BY Mario Sant Singh
Director of Training & Education
Late last week, top ratings agency Moody’s dropped a bombshell on the UK by stripping it off its prized AAA rating - a first in history.
Moody’s cited weakness in the nation’s growth outlook and challenges to the government’s fiscal consolidation program when lowering the AAA rating one notch to Aa1. In an official statement, it said that the main driver of their decision "to downgrade the UK's government bond rating to AA1 is the increasing clarity that, despite considerable structural economic strengths, the UK's economic growth will remain sluggish over the next few years due to the anticipated slow growth of the global economy and the drag on the UK economy.”
Immediately after the announcement, the GBP/USD pair fell about 75 pips. The fall would have been bigger if not for the fact that the US market was just about to close. When markets opened early Monday morning, the GBP/USD gapped down about 50 pips and broke below 1.51, its lowest level since July 2010.
The opposition Labour Party in UK has been breathing down the neck of George Osborne, Chancellor of the Exchequer, calling on him to scale back his fiscal squeeze, and the latest blow by Moody’s will add to that political pressure.
Although the rating cut seems harsh, it is warranted. After all, recent economic reports do show that the UK’s recovery is losing momentum. GDP growth shrank 0.3 per cent in the fourth quarter of 2012, leaving the country on the brink of an unprecedented triple-dip recession.
Retail sales also fell in January. In fact, consumption failed to increase for the past 4 months and conditions are so worrisome that Bank of England Governor King voted with the minority this month in favour of more Quantitative Easing. If the UK prints more money to finance its debt, the GBP/USD could fall even further.
As it is, the Sterling has depreciated about 5.6 per cent this year; the second-worst performer after the yen among 10 developed-market currencies tracked by Bloomberg Correlation-Weighted Indexes. According to a statement by the European Commission, Britain’s debt as a per centage of GDP will steadily climb from 90 per cent last year to 95.4 per cent this year and reach 98 per cent in 2014.
The good news for UK at this stage is that their bonds are considered safe investments. Although they don’t enjoy the same fame as US Treasuries, the chance of the UK defaulting on its bonds is very slim.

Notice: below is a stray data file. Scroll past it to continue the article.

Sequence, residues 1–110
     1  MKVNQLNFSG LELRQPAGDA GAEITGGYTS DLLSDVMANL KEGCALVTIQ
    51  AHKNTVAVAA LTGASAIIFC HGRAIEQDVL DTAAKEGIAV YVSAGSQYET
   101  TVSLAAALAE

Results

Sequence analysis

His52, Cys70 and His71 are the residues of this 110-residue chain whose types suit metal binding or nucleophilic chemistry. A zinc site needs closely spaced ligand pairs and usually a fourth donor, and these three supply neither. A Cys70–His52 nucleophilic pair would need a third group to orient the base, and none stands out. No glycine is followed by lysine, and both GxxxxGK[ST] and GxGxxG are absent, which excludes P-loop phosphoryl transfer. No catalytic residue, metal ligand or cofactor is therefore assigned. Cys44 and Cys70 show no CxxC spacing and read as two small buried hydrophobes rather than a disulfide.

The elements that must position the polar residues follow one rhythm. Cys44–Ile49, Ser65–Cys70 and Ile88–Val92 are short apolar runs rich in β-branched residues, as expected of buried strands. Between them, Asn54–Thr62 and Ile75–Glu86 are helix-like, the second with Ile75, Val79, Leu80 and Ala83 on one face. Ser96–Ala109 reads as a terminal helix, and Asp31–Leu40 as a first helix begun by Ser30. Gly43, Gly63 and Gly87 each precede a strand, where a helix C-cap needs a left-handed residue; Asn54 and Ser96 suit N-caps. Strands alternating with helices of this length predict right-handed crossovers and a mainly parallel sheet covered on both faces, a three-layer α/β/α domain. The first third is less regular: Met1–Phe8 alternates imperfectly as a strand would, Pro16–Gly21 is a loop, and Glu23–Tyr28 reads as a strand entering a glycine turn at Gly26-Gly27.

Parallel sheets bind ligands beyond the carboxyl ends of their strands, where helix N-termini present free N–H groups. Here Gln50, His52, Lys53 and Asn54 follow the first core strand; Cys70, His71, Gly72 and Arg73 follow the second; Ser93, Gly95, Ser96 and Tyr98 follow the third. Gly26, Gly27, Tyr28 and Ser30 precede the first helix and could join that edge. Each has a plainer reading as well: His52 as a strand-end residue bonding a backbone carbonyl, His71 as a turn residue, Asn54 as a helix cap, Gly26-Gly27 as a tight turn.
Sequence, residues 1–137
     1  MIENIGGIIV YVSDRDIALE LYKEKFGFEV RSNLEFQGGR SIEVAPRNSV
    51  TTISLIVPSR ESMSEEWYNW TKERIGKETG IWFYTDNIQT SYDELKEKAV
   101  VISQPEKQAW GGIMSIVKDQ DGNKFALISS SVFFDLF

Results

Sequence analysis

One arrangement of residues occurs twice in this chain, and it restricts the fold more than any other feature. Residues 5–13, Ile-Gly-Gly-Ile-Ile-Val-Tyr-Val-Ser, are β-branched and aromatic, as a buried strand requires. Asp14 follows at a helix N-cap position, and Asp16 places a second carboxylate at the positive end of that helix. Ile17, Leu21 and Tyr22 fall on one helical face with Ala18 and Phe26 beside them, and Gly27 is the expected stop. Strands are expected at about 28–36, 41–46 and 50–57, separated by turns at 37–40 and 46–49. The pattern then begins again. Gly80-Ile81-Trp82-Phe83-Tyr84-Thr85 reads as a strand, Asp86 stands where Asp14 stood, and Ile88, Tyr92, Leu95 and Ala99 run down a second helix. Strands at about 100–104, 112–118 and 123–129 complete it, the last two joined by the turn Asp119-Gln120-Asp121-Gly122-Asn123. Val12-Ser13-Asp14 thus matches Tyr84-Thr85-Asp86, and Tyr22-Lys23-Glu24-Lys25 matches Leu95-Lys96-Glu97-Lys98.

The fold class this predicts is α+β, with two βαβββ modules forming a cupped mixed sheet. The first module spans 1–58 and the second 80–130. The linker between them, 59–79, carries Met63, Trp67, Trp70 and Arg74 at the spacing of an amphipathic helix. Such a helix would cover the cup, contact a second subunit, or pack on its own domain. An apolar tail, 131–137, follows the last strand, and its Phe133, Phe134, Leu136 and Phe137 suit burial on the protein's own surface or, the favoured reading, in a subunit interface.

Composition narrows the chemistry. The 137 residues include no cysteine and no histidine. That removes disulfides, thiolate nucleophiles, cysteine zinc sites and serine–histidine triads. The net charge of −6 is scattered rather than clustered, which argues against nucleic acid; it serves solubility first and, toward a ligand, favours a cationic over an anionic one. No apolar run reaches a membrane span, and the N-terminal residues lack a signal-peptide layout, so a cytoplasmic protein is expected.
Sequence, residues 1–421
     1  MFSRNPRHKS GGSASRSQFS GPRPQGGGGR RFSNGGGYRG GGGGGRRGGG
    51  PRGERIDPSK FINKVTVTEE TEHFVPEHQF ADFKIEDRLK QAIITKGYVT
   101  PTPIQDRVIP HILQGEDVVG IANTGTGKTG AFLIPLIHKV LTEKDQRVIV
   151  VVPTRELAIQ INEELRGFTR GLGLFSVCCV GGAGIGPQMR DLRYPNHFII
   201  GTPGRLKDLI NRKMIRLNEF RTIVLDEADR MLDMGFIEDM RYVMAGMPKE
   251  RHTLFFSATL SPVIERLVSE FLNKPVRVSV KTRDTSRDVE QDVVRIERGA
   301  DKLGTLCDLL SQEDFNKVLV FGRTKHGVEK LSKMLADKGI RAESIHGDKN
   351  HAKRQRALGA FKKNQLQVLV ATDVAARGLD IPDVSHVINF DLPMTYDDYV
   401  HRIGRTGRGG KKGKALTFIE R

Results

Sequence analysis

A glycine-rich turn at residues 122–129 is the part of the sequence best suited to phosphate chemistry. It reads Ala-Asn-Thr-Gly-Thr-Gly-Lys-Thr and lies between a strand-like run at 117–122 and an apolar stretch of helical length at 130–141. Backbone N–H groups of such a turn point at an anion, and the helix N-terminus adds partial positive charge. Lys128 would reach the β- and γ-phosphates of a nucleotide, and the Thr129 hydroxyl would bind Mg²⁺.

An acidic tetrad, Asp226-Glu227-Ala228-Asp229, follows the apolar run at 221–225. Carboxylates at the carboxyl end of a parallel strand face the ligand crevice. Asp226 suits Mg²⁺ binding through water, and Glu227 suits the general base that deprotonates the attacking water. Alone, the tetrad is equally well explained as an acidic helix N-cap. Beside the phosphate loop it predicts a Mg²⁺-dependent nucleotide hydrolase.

With budget day scheduled for 20th March, the other two ratings agencies, Fitch and Standard & Poor’s, could move to downgrade the UK if they are not convinced with Chancellor Osborne’s plans. In the short term, there is still further downside on the GBP/USD as traders and investors switch focus from their short yen and short euro trades to jump into the short sterling trade.
Top News This Week
UK: Manufacturing PMI. Friday, 1st March, 5.30pm.
I expect figures to come in at 50.9, (previous figure was 50.8).
Short GBP/US$ at 1.5230
On the hourly chart, GBP/US$ is moving in a strong downtrend. The outcome of the downgrade by Moody’s will be negative for the sterling and I expect further downside for GBP/US$ this coming week. The pair gapped lower on Monday morning and reached a 2 and a half year low of 1.5071.
A Fibonacci retracement is drawn and we see that prices paused near the 38.2% level. However, with the new low formed, we will wait for prices to retrace to the 23.6% level before going short.
An entry is taken at 1.5230, which is several pips above the 23.6% per cent level. A stop loss of 95 pips is placed, which is located just above the last high. We will have two targets on this trade, exiting the first position at 1.5135 and the second position at 1.5040, just before the round number of 1.50.
Entry Price = 1.5230
Stop Loss = 1.5325
1st Profit = 1.5135
2nd Profit = 1.5040
Mario Singh is the CEO of FX1 Academy, Asia’s largest Forex Academy, and the Director of Training and Education at FXPRIMUS, Asia’s fastest growing brokerage firm. For more information, please visit www.mariosingh.com.
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